Council tax could rise without council mergers - warning
Updated 12:16pm Tuesday 18th February 2014 in News
RATE-PAYERS could face higher council tax bills and poorer services if Wales’ councils are not re-organised, the first minister has warned.
Carwyn Jones expressed support for proposals for council mergers set by the Williams Commission, and said some councils are exploring merging early.
Under the proposals, Newport and Monmouthshire would become a single authority, with the other three Valleys councils forming a single entity.
Top Gwent Labour figures have questioned the potential cost of a council shake-up. But Mr Jones said yesterday: “There are enormous costs in not having change.
“That’s in the terms of quality service delivery, education, potentially large council tax rises, and the fact that you have some local authorities that just struggle on a yearly basis.”
Labour is in a minority in the Assembly and would need opposition support to get any mergers through.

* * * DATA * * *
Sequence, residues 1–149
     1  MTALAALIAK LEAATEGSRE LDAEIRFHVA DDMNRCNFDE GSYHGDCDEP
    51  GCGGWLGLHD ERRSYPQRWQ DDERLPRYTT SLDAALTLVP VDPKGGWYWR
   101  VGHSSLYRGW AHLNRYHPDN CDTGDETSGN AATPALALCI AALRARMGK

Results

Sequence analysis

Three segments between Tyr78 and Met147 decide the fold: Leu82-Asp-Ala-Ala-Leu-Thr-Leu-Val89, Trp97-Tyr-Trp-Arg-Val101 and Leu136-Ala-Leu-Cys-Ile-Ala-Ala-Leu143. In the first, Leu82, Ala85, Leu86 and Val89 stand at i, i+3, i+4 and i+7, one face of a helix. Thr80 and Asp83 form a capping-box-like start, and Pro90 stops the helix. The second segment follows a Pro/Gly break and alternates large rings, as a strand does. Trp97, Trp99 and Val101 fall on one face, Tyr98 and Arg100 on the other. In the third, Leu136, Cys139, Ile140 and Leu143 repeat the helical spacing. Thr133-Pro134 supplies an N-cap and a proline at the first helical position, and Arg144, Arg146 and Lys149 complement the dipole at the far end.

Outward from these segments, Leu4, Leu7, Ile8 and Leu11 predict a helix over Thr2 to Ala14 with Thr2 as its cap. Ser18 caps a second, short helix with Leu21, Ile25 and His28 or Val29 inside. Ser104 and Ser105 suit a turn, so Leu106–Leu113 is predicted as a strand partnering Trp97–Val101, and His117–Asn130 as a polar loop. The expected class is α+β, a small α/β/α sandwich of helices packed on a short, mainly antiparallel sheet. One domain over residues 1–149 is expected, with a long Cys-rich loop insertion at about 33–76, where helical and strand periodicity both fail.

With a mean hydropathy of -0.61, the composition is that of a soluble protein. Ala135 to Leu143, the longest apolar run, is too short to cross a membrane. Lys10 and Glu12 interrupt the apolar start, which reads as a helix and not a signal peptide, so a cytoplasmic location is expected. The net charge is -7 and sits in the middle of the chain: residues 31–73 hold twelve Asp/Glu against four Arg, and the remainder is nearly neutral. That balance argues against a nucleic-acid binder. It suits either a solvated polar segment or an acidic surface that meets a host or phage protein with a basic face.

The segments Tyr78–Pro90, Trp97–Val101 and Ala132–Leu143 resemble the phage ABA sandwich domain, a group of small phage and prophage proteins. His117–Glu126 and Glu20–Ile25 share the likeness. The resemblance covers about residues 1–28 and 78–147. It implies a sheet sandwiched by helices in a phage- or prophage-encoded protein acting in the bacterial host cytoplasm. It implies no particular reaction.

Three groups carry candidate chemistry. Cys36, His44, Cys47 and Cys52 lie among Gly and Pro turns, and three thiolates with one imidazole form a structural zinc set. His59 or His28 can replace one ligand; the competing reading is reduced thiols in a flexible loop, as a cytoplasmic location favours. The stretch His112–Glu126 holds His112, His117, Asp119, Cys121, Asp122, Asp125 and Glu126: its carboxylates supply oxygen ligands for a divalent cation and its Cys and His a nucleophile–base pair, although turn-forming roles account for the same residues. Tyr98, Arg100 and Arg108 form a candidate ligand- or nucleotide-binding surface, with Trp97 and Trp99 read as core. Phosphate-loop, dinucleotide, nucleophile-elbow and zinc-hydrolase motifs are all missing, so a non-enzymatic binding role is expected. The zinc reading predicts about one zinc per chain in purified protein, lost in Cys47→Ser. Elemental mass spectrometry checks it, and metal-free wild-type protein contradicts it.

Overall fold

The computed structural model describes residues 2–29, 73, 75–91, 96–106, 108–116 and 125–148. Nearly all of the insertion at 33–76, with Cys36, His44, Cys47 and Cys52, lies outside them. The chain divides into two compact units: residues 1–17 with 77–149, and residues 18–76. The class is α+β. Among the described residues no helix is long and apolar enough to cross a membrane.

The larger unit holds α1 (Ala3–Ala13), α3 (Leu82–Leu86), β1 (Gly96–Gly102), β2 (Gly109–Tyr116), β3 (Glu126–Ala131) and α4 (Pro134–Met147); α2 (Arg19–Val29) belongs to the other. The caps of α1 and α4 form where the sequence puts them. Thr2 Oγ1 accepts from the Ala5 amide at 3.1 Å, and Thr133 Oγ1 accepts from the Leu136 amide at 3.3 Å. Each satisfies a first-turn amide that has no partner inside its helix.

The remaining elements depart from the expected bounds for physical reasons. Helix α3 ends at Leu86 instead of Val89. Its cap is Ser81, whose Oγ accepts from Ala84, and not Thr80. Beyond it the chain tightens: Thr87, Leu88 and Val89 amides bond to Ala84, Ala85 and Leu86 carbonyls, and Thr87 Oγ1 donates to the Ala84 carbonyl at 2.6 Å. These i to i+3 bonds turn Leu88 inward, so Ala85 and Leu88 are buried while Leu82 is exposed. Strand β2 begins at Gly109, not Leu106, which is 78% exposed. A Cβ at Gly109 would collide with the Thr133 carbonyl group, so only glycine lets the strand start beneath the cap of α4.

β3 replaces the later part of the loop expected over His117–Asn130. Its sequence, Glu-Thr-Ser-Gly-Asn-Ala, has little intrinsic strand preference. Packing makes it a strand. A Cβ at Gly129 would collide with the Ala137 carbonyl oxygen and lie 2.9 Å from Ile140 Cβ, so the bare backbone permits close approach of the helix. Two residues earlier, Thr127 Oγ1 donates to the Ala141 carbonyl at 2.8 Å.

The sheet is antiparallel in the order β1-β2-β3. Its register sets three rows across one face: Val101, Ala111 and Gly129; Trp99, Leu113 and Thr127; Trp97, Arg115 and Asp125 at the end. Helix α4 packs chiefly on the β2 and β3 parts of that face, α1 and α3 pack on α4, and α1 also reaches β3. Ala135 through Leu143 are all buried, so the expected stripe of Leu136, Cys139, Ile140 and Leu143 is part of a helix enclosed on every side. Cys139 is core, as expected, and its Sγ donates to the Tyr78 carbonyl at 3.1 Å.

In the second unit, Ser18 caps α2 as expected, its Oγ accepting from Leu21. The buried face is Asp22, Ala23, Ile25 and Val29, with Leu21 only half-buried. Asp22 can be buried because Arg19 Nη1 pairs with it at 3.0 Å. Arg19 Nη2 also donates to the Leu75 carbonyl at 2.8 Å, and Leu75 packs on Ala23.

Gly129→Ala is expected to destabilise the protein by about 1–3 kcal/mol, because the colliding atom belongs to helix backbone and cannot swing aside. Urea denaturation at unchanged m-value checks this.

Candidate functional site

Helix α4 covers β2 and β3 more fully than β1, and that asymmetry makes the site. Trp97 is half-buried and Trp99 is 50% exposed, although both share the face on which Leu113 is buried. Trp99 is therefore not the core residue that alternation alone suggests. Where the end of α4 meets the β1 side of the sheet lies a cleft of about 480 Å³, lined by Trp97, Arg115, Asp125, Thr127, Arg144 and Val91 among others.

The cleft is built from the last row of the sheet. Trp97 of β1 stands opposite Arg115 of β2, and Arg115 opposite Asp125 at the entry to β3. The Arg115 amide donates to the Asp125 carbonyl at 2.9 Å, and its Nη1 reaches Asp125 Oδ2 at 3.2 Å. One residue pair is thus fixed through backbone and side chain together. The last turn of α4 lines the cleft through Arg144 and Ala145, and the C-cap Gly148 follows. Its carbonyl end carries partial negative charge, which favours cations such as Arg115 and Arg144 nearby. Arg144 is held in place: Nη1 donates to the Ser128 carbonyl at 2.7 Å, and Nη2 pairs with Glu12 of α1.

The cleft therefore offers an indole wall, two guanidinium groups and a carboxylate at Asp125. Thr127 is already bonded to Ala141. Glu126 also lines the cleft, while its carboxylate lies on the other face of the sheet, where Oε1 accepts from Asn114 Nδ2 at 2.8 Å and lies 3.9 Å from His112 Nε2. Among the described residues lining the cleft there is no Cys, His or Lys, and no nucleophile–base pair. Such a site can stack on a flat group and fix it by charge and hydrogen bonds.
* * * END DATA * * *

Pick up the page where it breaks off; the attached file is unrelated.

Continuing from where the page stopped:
Mr Jones said the Liberal Democrats won’t agree anything without proportional representation. The Tories are generally in agreement but have issues over some council boundaries, while Plaid had yet to form a view and is “open minded”.
But he said the chances of getting a bill through the Assembly before elections in 2016 “are very small indeed”.
“I want to be in a position before the summer where there’s a general agreement about what the map should look like,” he said.
He added: “It’s important to consider whether there are strong arguments for altering potential mergers.”
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